Can Politics Be Moral?

Brandon Stanton’s Open Letter

Brandon Stanton, in an open letter to Donald Trump says:

“I’ve come to realize that opposing you is no longer a political decision. It is a moral one.”

Brandon Stanton

Photo by Alex Welsh for The New York Times

Mr. Stanton is the man behind the popular photo blog Humans of New York. He sees it as his mission to let his subjects speak for themselves through words and images, without imposing his own political or moral judgements on them. In a recent Facebook post, he made an exception, and called out Presidential hopeful Donald Trump for his campaign of lies, fear and hatred:

“You are a man who has encouraged prejudice and violence in the pursuit of personal power.”

His open letter is brief (about 300 words) and worth your time to read. His main point is that Donald Trump fails the test of basic human morality, and is therefore not fit to be President of the most powerful nation in the world. You may recall Pope Francis making a similar observation about Mr. Trump.

Politics Is About Morality

Regardless of whether you agree with Mr. Stanton’s assessment of Donald Trump’s moral fitness to be President, the way he arrived at that assessment is spot on. Politics — especially election politics — is all about morality. It is about how we decide what kind of country we want to be. It is where we tell our leaders how we want our country to respond to the national and international issues of our time, issues that are more often than not moral issues.

For example, how we treat the environment is a profoundly moral issue. How we treat the unborn is a profoundly moral issue. How we treat people caught up in our criminal justice system is a profoundly moral issue. How we deal with income inequity is a profoundly moral issue. How we decide whether to go to war or not is a profoundly moral issue. How we deal with poverty is a profoundly moral issue. How we respond to the ever-increasing waves of immigrants fleeing their homes and seeking refuge in our country, this is one hundred percent a moral issue.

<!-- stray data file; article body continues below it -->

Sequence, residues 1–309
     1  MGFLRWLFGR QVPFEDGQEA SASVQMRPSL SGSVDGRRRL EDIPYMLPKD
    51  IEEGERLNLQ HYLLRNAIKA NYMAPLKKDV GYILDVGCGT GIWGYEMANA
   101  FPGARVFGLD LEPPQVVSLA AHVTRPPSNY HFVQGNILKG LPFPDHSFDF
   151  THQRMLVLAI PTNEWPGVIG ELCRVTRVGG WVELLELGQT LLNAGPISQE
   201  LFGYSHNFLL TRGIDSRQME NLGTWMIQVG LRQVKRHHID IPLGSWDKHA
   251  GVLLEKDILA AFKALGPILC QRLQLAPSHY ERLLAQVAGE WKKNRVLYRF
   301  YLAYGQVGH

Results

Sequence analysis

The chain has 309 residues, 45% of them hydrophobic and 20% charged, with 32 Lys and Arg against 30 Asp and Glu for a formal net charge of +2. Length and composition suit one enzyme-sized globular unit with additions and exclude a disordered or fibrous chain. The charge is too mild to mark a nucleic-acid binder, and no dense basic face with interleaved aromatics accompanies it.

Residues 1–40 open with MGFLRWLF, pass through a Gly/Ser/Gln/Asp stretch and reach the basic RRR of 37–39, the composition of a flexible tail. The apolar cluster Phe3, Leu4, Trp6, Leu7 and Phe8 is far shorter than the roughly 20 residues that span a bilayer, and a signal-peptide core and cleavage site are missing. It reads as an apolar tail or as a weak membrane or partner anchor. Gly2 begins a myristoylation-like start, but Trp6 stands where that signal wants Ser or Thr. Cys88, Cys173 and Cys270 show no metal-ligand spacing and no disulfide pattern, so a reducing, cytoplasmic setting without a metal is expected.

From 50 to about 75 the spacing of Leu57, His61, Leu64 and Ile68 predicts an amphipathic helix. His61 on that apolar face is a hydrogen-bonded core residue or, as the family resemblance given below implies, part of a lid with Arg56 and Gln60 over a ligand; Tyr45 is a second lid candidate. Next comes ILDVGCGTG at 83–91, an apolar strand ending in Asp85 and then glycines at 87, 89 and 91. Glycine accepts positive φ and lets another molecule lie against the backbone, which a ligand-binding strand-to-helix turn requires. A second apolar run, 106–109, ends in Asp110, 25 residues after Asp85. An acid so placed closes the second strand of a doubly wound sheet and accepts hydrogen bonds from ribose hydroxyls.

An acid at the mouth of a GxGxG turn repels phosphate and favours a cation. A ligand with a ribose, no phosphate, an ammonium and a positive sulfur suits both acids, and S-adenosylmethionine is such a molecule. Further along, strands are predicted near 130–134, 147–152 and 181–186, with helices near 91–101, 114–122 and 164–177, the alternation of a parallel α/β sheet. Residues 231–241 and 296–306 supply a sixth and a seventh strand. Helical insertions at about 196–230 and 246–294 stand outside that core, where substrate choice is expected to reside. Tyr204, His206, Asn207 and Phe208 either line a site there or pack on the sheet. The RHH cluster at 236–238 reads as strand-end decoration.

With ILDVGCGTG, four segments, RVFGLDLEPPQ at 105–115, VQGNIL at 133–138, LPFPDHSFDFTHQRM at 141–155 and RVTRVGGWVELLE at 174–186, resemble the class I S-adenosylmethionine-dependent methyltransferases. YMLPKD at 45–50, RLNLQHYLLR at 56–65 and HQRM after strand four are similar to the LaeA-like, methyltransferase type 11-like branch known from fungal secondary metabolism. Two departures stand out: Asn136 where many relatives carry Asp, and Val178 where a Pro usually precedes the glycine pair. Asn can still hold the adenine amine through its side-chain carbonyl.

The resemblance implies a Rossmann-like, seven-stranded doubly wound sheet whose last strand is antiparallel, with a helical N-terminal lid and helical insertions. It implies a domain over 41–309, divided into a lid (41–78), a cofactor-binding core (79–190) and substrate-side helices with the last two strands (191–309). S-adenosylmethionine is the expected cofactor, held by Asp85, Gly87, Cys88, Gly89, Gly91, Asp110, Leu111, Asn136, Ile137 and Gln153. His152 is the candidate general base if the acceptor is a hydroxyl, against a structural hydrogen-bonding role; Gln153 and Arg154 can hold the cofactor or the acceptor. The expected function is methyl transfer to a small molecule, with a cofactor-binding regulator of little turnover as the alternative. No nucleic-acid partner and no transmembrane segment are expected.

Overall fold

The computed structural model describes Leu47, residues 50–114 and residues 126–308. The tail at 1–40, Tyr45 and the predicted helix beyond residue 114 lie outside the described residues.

We sometimes try to pretend that these are not moral issues. We talk instead about the need to control our national borders, or the impracticality of eliminating poverty inside our national borders, or the need to maintain a military force stronger than the next ten nations combined, or the unacceptable cost of guaranteeing everyone access to affordable health care. These are dishonest conversations. We use them to deflect the difficult moral questions that we should be asking.

God’s Morality

It turns out that God has a good deal to say about all of these issues. To pretend that he doesn’t is to admit that we don’t really take God very seriously; that we would prefer he restrict his opinions to Sunday morning services, and generally stay out of politics. As an evangelical Christian, I try to take God’s morality seriously. I try to evaluate political candidates and political positions through the lens of God’s morality. I’m not sure I’m always right, but I do try.

You may draw from the well of a different faith than I do, or from no faith at all, but you undoubtedly have a personal moral belief system, and that means that you too must decide how to bring your personal morality to bear on your evaluation of political candidates and political positions.

Politics is all about morality. Brandon Stanton watched and listened to a man who wants to be President of the most powerful nation the world has ever seen, and he concluded that that man comes up short when measured against the test of basic human morality. Whether you agree with his assessment of Mr. Trump is not the point. The point is that he is making his assessment the right way. The moral way.

Can politics be moral? Politics can’t be anything but moral.

What Do You Think?

Do you agree? Disagree? Look at it differently? Let me know; I’d like to hear from you. And thanks for taking the time to read the post.


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